Tony Hall’s East End Shops
In the sixties and seventies when these pictures were taken, every street corner that was not occupied by a pub was home to a shop offering groceries and general supplies to the residents of the immediate vicinity. The owners of these small shops took on mythic status as all-seeing custodians of local information, offering a counterpoint to the pub as a community meeting place for the exchange of everybody’s business. Shopkeepers were party to the smallest vacillations in the domestic economy of their customers and it was essential for children to curry their good favour if the regular chore of going to fetch a packet of butter or a tin of custard, or any other domestic essential, might be ameliorated by the possibility of reward in the form of sweets, whether there was any change left over or not.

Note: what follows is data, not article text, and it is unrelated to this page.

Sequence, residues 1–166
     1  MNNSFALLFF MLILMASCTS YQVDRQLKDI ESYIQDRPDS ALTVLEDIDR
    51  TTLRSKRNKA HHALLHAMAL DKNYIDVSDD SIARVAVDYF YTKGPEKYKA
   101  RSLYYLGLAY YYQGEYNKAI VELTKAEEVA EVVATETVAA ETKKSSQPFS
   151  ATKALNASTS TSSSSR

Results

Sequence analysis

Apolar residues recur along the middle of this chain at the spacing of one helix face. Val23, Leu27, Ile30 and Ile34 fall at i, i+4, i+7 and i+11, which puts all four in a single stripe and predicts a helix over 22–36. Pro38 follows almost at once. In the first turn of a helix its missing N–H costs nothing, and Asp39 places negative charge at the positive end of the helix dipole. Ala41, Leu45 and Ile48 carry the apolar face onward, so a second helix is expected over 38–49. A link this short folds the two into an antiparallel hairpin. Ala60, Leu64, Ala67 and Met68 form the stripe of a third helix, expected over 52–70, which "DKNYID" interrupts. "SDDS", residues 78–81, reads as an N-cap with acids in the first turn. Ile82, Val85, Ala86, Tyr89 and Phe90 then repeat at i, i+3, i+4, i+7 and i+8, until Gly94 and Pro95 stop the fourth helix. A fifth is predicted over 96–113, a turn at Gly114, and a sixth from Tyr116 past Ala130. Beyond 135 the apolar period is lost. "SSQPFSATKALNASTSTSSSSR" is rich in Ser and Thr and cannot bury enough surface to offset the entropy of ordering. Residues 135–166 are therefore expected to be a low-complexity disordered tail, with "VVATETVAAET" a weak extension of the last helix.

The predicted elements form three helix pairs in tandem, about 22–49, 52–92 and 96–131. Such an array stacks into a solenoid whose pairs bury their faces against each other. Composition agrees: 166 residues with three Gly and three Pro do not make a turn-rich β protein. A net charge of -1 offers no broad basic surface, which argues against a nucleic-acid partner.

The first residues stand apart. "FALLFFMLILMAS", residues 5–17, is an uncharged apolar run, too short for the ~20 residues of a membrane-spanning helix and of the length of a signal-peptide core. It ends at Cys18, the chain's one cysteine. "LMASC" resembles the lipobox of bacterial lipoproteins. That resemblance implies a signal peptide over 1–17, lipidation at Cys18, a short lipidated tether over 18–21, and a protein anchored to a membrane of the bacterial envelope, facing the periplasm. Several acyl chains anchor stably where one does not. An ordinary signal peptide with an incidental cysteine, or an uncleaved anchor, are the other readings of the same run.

Yet, even in the time these photographs were taken, the small shops were in decline and Tony Hall knew he was capturing the end of a culture, erased by the rise of the chain-stores and the supermarkets. To the aficionado of small shops there are some prize examples here – of businesses that survived beyond their time, receptacles of a certain modest history of shopkeepers. It was a noble history of those who created lives for themselves by working long hours serving the needs of their customers. It was a familiar history of shopkeepers who made a living but not a fortune. Above all, it was a proud history of those who delighted in shopkeeping.
Photographs copyright © Libby Hall
Images courtesy of the Tony Hall Collection at the Bishopsgate Institute
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